Anaren recently developed a series of dev kits that help both experts and newbies get a jump-start on their wireless designs. Based on the ZigBee protocol, the kits support either an MSP430 or Stellaris microprocessor (both from Texas Instruments).
The kits that I had an opportunity to configure were the CC2530 AIR module Booster Pack (for MSP430) and a pair of LaunchPad development tools. I had to install some software, including the drivers for the kits, but it worked pretty seamlessly using the CD that shipped with the kit. The whole process took me about an hour to do the software install, configure it for my “application,” and put the hardware pieces together.
If you’re considering going with ZigBee for your end system, or even if you’re thinking about a different protocol, you might want to give these kits a look. I was pretty surprised how easily I got up and running. Part of that is obvious because they’ve made the kits semi-idiot proof, but also because the hardware-software combination is a good fit. There are also a ton of features that I didn’t get involved in, like low-power modes, different antenna configurations, and so on.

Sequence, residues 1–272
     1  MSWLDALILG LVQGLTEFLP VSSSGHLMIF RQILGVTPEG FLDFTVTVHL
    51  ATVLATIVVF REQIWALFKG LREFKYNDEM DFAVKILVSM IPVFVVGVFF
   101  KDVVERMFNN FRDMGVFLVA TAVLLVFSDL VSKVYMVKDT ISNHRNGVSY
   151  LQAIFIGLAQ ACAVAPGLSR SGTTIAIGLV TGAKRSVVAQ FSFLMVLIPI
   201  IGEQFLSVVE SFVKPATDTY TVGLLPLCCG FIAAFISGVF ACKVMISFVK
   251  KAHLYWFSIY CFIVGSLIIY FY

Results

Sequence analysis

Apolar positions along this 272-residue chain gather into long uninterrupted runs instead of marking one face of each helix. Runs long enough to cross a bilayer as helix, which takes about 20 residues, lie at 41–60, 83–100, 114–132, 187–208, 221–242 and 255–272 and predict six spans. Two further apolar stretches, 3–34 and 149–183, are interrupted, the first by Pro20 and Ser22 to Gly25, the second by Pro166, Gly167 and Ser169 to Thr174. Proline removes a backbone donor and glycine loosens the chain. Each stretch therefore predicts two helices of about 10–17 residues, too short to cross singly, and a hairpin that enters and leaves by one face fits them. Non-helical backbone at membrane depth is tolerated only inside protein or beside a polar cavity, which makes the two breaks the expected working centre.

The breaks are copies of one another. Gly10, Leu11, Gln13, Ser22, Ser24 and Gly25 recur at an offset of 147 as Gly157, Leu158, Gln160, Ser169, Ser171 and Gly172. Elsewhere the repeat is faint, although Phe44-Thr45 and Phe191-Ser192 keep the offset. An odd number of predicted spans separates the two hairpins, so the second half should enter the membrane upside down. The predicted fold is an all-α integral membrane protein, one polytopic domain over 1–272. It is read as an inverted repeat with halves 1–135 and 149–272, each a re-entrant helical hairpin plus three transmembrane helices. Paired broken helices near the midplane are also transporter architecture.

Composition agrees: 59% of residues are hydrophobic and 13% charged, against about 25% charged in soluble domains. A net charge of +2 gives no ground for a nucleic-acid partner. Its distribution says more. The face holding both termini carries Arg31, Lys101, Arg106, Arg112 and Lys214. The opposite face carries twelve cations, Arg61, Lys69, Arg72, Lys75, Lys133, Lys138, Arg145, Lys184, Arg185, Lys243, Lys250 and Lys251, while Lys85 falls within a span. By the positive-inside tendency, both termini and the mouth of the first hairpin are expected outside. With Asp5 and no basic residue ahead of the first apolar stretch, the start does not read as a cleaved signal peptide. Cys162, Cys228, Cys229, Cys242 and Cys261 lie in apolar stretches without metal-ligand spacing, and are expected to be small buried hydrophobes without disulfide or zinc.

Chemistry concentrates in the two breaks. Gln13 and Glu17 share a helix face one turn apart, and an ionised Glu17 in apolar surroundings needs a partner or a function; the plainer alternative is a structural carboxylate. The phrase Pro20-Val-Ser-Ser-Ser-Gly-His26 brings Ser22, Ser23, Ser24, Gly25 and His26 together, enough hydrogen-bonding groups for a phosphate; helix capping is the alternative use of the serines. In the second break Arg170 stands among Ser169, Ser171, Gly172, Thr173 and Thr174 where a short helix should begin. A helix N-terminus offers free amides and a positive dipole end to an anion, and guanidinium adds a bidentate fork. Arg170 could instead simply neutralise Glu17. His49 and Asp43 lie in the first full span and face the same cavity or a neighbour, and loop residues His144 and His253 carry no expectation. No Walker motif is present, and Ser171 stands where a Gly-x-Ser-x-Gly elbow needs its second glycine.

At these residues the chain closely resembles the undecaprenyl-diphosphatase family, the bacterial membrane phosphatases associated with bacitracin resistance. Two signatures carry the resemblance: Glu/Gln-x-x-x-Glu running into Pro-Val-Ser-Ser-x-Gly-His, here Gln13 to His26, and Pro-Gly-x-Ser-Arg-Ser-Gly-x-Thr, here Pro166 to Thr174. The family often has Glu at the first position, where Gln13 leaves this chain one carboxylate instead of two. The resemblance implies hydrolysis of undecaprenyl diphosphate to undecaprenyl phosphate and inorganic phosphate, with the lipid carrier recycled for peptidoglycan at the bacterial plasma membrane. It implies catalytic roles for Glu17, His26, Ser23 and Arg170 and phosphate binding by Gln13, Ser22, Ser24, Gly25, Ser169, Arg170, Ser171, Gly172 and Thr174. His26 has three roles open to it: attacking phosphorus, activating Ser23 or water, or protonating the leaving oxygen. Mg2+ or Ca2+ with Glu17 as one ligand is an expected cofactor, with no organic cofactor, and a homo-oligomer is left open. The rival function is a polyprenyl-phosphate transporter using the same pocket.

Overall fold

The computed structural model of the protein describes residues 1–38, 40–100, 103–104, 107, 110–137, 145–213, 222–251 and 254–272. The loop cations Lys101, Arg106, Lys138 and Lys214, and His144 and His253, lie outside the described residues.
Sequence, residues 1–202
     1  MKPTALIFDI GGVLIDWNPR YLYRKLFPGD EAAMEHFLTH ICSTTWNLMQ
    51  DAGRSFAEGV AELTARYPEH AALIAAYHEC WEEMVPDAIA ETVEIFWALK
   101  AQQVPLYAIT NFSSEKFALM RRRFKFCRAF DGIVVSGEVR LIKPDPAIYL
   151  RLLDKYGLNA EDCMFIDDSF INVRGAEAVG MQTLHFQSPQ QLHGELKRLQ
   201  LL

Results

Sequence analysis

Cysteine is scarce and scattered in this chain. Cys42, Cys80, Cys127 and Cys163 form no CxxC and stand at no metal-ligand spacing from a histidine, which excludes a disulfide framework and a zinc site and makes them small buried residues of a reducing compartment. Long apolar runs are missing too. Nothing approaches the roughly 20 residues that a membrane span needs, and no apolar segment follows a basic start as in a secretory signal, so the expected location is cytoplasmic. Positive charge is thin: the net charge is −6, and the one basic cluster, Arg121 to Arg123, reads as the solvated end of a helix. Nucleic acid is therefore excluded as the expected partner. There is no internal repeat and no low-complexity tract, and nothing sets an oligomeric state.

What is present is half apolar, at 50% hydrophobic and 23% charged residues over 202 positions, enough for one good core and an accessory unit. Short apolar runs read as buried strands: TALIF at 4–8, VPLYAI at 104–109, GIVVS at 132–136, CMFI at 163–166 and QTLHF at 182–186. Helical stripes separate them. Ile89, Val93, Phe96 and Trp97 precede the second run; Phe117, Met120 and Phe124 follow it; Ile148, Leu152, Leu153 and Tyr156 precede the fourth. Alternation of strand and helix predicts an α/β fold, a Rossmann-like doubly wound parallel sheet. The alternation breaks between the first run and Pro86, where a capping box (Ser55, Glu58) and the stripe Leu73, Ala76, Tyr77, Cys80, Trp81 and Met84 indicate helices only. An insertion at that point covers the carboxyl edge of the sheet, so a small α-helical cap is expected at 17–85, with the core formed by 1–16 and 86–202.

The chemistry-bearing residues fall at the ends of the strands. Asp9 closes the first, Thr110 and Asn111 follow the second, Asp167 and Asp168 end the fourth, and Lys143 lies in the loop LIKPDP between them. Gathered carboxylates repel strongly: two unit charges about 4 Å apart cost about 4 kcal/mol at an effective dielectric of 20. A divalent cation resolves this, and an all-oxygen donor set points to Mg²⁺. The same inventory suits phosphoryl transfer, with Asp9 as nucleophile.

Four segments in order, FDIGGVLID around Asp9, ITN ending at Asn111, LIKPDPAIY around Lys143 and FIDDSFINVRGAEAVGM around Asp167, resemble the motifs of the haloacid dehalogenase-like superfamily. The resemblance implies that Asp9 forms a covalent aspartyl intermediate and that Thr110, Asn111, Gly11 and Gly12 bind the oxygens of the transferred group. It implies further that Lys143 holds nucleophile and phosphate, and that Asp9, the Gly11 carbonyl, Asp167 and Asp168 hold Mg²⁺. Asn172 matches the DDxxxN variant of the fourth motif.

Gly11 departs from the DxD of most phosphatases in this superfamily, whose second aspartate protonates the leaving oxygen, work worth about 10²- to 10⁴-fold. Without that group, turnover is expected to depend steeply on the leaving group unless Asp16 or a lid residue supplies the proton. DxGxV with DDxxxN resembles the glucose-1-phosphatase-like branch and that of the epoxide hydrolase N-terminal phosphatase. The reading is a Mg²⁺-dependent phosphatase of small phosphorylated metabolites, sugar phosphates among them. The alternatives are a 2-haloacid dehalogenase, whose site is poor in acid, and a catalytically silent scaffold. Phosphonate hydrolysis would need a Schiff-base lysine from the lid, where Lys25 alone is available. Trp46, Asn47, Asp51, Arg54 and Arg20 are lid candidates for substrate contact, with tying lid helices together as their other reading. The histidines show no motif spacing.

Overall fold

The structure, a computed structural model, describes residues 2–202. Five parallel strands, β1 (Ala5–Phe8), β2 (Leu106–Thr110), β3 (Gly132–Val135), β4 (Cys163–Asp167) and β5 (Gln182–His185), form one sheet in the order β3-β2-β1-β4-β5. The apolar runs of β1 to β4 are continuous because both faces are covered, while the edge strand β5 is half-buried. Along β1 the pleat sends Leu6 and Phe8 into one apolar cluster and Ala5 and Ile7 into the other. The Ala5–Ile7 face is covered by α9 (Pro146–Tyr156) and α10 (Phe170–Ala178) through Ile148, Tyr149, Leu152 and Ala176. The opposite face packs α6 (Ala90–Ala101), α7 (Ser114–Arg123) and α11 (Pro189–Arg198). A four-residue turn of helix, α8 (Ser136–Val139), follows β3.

Note that I put together a “system” based on the MSP430. But if you’re an ARM fan, there’s another kit that supports TI’s Stellaris family. The other key device in the kit is TI’s CC2530 low-power IEEE 802.15.4 compliant RF transceiver (which operates using TI's Z-Stack firmware). There are also more than 30 code examples and a set of development tools. Some videos on the Anaren website can be helpful.
I recommend the ZigBee protocol only when a design requires interoperability with other ZigBee devices, or when someone wants a ZigBee certification. For proprietary designs or basic wireless communications, modules that operate to the IEEE 802.15.4 standard will do a nice job without the software overhead ZigBee requires.
I was once very interested in those TI 802.15.4 SoCs, but those currently in production use an 8051 core and to do anything useful with them requires a heafy investment in development tools (eg IAR which costs 2-3k$). No thank you, ARM for me please.
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